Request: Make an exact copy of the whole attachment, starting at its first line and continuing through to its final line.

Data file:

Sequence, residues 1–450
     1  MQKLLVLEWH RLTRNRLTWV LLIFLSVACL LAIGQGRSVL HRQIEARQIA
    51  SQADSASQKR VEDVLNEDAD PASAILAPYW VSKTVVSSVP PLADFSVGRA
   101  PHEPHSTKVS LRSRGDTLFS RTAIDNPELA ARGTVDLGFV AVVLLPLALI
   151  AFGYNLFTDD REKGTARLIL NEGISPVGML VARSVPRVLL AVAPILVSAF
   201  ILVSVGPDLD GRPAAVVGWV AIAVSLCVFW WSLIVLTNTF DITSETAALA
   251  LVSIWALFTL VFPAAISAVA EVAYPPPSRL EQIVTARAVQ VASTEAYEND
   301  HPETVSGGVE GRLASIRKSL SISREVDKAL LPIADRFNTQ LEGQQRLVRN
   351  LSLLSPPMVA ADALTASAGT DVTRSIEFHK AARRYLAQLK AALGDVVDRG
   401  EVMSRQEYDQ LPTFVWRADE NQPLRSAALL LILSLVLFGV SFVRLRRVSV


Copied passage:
Sequence, residues 1–450
     1  MQKLLVLEWH RLTRNRLTWV LLIFLSVACL LAIGQGRSVL HRQIEARQIA
    51  SQADSASQKR VEDVLNEDAD PASAILAPYW VSKTVVSSVP PLADFSVGRA
   101  PHEPHSTKVS LRSRGDTLFS RTAIDNPELA ARGTVDLGFV AVVLLPLALI
   151  AFGYNLFTDD REKGTARLIL NEGISPVGML VARSVPRVLL AVAPILVSAF
   201  ILVSVGPDLD GRPAAVVGWV AIAVSLCVFW WSLIVLTNTF DITSETAALA
   251  LVSIWALFTL VFPAAISAVA EVAYPPPSRL EQIVTARAVQ VASTEAYEND
   301  HPETVSGGVE GRLASIRKSL SISREVDKAL LPIADRFNTQ LEGQQRLVRN
   351  LSLLSPPMVA ADALTASAGT DVTRSIEFHK AARRYLAQLK AALGDVVDRG
   401  EVMSRQEYDQ LPTFVWRADE NQPLRSAALL LILSLVLFGV SFVRLRRVSV